What you should be doing is connecting your elbows to your knees as you work to pass. Once you do that and box out the legs, there is no threat of the triangle. The gable grip will defend against the basic triangle attempt, but since it does feed some of the more sophisticated moves, like open/butterfly guard sweeps, kneebars, armbars and a more advanced version of the triangle.

If you have that connection, you can back out of the guard and you can look patiently for that pass or, once you're all the way out, grab the feet and work for the toreando.

Hope that was helpful. If so, rep it. If not, let me know what needs clarification.



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post #87 of 231 (permalink) Old 08-10-2008, 05:33 PM
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Ah, great info. I wondered why the guy with the good guard game was going for armbars on me more than anyone else. Good thing I'm good at pulling my arm out. I'll concentrate more on keeping a good posture. Ta, and repped.

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post #88 of 231 (permalink) Old 08-11-2008, 11:55 PM Thread Starter
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Originally Posted by pauly_j View Post
Ah, great info. I wondered why the guy with the good guard game was going for armbars on me more than anyone else. Good thing I'm good at pulling my arm out. I'll concentrate more on keeping a good posture. Ta, and repped.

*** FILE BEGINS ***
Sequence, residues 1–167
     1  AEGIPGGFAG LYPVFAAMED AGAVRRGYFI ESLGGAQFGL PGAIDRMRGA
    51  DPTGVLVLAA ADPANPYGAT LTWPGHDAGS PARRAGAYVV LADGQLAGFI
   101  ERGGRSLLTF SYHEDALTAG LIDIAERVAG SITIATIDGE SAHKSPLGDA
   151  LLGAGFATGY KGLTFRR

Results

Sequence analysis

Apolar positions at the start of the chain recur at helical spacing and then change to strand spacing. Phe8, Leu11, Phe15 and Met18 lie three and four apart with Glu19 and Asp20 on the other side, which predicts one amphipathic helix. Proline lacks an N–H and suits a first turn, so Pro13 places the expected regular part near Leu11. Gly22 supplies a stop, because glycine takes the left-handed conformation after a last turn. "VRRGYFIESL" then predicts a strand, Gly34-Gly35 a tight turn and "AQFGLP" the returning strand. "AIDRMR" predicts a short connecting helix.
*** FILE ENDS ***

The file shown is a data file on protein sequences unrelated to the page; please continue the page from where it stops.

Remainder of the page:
Thanks, man.

Please, folks, post some questions.



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post #89 of 231 (permalink) Old 08-12-2008, 12:44 AM
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Less technique, more basic perspective.

I've been at BJJ for upward towards two months so far (two 40-45 minute classes a week), and... feel like I suck epically. I see what I need to do, I understand proper form and concept, but my body doesn't want to follow my mind (having not been anything close to athletic since early youth, that isn't so much a surprise). Moreover, I go through what I can remember in my mind (so many things are demonstrated with so little time to practice and truly grasp), but seem to forget a majority of things when it's time to roll.

Will these things (proper techniques and form) become more instinctive with practice and experience? Is it likely (again, including practice as a factor) that the disconnect betwen mind and body will be reduced in time?


Also, what things would you recommend I do to work on flexibility? I'm rather bendable considering my relative lack of fitness (helpful in being able to resist an early tapping), but I have a hard time manipulating my body (my legs in particular) to gain a better position. Any tips?

-Kenny
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post #90 of 231 (permalink) Old 08-12-2008, 10:02 AM
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IronMan: How do you escape or avoid twister side control? If someone gets it on you you're at least going to get mounted...

Also: How do you escape the Judo style Side control? It's a great control position I just don't know how to get out from...

(No-Gi options are the only interesting options in my case)